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 2 years ago
If a + bi is a root of the quadratic equation x^2 + cx + d = 0, then show that a^2 + b^2 = d and 2a+c=0.
 2 years ago
If a + bi is a root of the quadratic equation x^2 + cx + d = 0, then show that a^2 + b^2 = d and 2a+c=0.

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AccessDenied
 2 years ago
Best ResponseYou've already chosen the best response.1I believe that we could use quadratic formula here, and equate the likeparts (real and imaginary): \( \Large { x = \frac{\neg b + \sqrt{b^2  4ac}}{2a} } \) We'll only need the positive part because x = a + bi, it is adding the bi. So, this equation would look like this: \( \Large a + bi = \frac{\neg c + \sqrt{c^2  4d}}{2} \) To get the imaginary part, we need to factor out a 1 from \(c^2  4d\): \( \Large a + bi = \frac{\neg c + i \sqrt{4d  c^2}}{2} \) \( \Large a + bi = \neg \frac{c}{2} + \frac{\sqrt{4d  c^2}}{2} i \)

AccessDenied
 2 years ago
Best ResponseYou've already chosen the best response.1So, if we equate the likeparts here, we get: a = c/2 b = sqrt(4d  c^2)/2 (The i's can divide off) From there, it takes some clever algebra work to get the two results you wanted to show. :)

sabika13
 2 years ago
Best ResponseYou've already chosen the best response.0okay that makes sense, but can you explain the "i", i dont understand why  1 gets the imaginary part??

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 2 years ago
Best ResponseYou've already chosen the best response.1we factor out the 1 from under a square root, so the square root of the 1 = i \( \sqrt{c^2  4d} = \sqrt{(1)(4d  c^2)} = \sqrt{1}\sqrt{4d  c^2}\)

sabika13
 2 years ago
Best ResponseYou've already chosen the best response.0does "i" always equal 1 ?

AccessDenied
 2 years ago
Best ResponseYou've already chosen the best response.1\(i =\sqrt{1}\), not just 1.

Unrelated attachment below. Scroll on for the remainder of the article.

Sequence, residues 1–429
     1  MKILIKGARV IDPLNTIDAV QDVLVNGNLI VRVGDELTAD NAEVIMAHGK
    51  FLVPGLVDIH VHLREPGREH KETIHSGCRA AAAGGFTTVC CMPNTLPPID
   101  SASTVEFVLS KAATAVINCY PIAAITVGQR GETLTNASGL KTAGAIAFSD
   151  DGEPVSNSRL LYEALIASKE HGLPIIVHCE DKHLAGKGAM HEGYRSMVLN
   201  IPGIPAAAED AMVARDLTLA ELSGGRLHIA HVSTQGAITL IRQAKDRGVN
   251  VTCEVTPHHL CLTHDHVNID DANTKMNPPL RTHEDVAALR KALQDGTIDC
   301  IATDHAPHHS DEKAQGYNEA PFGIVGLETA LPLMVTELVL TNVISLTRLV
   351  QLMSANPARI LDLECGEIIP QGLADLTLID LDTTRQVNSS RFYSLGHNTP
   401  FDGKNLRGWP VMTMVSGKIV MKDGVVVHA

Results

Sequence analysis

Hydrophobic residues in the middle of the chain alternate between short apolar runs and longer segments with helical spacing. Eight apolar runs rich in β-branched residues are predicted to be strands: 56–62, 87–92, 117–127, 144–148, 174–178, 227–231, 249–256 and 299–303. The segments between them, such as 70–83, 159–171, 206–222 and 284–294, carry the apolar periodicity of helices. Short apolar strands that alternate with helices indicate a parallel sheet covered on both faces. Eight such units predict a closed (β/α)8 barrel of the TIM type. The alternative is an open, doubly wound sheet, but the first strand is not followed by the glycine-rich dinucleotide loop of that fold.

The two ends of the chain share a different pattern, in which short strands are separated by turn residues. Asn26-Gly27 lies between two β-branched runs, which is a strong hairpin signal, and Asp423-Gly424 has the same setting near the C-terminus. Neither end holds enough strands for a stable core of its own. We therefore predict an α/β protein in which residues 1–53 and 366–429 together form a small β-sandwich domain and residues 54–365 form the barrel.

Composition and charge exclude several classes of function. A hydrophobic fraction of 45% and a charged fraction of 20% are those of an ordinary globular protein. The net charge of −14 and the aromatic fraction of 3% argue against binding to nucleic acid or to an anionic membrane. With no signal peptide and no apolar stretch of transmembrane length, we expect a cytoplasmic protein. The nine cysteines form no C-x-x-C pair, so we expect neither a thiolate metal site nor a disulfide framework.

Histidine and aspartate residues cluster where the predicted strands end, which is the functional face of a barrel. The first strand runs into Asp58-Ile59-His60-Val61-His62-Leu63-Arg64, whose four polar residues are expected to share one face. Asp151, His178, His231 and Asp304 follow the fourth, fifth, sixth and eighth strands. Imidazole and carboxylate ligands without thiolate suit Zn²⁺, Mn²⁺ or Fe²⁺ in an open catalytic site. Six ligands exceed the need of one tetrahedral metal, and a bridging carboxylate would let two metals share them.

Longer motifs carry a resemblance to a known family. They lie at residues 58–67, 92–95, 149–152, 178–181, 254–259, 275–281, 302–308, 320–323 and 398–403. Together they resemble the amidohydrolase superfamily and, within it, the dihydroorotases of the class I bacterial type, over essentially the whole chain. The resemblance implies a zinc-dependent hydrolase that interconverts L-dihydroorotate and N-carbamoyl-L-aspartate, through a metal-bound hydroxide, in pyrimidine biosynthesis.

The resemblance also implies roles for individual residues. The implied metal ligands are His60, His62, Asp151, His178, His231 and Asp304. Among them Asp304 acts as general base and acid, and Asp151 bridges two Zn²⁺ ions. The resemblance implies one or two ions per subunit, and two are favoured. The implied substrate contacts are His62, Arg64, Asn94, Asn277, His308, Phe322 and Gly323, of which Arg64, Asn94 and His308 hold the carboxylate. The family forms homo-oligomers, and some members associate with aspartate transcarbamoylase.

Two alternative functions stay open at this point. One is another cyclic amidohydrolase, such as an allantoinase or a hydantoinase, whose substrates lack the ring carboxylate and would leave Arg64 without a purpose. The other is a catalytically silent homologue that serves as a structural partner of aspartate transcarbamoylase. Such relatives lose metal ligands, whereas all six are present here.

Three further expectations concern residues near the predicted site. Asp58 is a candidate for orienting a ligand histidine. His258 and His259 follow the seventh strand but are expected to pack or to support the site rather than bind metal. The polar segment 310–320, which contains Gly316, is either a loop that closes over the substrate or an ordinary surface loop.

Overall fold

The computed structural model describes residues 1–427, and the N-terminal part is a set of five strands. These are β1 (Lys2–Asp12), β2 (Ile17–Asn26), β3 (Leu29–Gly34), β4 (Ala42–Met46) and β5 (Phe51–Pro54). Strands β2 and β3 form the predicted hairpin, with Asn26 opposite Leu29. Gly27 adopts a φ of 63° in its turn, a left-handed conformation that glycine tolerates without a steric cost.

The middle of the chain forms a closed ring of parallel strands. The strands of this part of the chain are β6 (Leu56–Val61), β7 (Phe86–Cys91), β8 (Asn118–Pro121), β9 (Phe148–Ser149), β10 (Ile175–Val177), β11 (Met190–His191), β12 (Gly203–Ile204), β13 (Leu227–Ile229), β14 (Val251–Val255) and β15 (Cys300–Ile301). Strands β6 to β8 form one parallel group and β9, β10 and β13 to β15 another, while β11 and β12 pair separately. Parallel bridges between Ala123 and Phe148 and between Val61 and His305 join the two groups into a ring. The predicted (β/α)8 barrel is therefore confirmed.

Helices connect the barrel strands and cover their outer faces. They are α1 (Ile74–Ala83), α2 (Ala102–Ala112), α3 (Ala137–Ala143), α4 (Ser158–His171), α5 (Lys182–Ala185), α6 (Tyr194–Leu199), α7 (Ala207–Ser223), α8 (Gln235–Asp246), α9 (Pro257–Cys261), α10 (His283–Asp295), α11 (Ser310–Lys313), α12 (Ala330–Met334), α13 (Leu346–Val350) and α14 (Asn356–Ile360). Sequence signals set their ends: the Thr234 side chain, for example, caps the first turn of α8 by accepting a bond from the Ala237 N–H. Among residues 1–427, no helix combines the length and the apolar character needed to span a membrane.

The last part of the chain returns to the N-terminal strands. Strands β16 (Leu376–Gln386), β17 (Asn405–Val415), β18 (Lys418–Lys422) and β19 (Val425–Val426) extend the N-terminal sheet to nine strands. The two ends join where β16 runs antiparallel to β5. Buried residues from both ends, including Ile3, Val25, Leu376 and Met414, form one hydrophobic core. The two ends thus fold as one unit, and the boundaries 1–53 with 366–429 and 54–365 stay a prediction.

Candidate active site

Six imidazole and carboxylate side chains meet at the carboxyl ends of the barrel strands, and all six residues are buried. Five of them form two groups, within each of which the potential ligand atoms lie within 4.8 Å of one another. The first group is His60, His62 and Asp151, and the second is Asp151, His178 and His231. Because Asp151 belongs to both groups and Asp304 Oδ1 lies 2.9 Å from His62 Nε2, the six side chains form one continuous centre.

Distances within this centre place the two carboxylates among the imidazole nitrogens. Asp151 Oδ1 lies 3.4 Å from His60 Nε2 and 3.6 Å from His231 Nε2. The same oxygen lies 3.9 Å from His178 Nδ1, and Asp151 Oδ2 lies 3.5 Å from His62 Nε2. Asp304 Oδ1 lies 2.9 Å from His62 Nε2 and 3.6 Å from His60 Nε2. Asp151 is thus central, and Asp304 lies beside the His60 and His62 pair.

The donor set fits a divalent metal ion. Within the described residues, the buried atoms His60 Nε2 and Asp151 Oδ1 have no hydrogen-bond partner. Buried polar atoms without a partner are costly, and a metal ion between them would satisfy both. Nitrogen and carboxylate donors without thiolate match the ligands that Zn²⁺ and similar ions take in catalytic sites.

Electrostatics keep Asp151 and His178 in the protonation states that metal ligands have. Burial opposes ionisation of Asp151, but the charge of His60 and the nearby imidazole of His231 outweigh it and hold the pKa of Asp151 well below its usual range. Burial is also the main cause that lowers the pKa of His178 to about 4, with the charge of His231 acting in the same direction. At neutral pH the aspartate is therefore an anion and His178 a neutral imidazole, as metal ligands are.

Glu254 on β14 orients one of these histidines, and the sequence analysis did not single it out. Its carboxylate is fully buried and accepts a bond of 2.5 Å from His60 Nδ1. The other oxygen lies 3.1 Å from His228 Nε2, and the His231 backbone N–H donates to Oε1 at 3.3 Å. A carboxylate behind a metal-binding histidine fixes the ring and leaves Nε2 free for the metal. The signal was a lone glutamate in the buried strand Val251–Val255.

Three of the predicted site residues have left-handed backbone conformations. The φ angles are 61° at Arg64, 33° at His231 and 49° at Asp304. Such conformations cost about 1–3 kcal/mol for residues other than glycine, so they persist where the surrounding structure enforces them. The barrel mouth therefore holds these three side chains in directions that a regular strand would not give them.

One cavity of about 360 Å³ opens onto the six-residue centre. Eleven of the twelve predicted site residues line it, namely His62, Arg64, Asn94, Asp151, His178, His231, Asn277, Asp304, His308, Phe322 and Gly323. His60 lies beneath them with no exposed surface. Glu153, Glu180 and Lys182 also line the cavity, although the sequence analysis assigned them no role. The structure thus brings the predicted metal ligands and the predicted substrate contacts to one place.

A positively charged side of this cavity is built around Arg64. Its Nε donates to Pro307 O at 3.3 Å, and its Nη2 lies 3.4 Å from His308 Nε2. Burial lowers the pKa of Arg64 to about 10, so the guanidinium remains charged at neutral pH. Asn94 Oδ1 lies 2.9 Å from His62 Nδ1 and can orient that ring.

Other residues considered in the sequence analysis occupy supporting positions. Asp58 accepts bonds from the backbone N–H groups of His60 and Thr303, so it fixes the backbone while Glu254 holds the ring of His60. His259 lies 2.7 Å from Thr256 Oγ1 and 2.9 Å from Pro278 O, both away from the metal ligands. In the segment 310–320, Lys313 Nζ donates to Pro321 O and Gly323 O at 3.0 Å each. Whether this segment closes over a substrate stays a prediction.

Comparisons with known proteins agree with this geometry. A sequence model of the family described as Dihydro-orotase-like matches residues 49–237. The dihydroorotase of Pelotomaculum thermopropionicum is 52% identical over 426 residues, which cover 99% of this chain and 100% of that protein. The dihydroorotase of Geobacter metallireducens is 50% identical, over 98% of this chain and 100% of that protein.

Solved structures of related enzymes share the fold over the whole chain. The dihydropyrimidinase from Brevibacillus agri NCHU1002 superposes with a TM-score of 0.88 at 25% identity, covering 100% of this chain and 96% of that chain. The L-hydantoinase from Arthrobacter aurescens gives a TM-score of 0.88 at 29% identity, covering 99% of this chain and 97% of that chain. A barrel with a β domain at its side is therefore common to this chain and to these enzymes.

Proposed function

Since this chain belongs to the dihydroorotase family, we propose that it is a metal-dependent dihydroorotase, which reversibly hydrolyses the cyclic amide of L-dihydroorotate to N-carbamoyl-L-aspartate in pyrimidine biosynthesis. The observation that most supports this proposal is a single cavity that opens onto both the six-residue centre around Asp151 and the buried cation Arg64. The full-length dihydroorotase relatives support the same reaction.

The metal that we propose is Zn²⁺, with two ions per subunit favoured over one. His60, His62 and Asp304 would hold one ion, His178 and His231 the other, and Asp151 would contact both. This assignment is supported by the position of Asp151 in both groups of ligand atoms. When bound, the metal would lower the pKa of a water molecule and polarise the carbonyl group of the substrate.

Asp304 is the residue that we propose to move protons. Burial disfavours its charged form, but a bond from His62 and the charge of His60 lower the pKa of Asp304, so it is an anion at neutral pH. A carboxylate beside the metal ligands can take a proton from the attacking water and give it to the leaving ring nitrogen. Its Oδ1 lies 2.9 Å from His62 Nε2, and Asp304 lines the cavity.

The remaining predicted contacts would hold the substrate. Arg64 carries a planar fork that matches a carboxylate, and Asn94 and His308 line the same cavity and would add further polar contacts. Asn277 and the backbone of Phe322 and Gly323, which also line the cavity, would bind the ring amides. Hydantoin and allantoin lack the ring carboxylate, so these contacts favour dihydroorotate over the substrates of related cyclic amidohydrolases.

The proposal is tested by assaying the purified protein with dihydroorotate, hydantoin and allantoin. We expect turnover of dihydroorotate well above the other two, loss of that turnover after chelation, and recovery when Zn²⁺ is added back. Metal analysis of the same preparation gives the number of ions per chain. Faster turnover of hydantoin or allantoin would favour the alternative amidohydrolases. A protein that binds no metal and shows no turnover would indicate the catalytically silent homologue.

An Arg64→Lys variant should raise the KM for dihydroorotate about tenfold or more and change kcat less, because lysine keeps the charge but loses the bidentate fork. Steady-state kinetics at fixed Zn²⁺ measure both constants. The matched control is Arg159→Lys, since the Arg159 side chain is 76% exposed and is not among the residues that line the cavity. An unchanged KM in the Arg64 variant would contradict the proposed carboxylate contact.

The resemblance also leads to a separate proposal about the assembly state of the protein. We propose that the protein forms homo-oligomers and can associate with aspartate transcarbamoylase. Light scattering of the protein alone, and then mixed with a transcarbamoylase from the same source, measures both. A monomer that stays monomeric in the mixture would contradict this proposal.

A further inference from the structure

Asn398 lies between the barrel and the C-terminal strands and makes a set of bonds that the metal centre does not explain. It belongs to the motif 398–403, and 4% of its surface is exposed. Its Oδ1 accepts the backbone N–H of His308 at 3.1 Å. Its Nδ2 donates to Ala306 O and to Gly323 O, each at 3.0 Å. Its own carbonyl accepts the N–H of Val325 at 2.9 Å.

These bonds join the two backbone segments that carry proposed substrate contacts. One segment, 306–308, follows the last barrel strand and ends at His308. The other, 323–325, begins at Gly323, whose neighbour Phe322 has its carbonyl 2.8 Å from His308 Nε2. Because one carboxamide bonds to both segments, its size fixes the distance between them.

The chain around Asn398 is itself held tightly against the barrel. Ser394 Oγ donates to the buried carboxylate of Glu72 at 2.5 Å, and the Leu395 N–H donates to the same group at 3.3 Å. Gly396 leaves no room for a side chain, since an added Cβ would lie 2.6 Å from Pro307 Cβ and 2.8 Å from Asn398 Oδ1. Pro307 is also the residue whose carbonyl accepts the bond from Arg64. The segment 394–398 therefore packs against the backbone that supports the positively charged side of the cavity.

AccessDenied
 2 years ago
Best ResponseYou've already chosen the best response.1You're welcome! :) Were you able to figure out the rest?

sabika13
 2 years ago
Best ResponseYou've already chosen the best response.0im going to try it now

sabika13
 2 years ago
Best ResponseYou've already chosen the best response.0for quadratic formula, isnt its x= b +/ square roots... why did you just write + ?

AccessDenied
 2 years ago
Best ResponseYou've already chosen the best response.1We're only dealing with one root when we use 'x = a + bi,' the positive square root here. The other root is 'x = a  bi', which is where the negative square root is used. Does that make sense?

sabika13
 2 years ago
Best ResponseYou've already chosen the best response.0i got a^2 + b^2 = d, but i cant get 2a+c =0 2(c/2) +\[\sqrt{4dc ^{2}}\] =0 c + dc = 0?

AccessDenied
 2 years ago
Best ResponseYou've already chosen the best response.1hm... a = c/2 Here we should have enough to get 2a + c = 0, we have all our variables in an equation! 2a = c we can add c to both sides 2a + c = 0

sabika13
 2 years ago
Best ResponseYou've already chosen the best response.0yeaah! I didnt see that, I got it thanks so much!

AccessDenied
 2 years ago
Best ResponseYou've already chosen the best response.1You're welcome! :)
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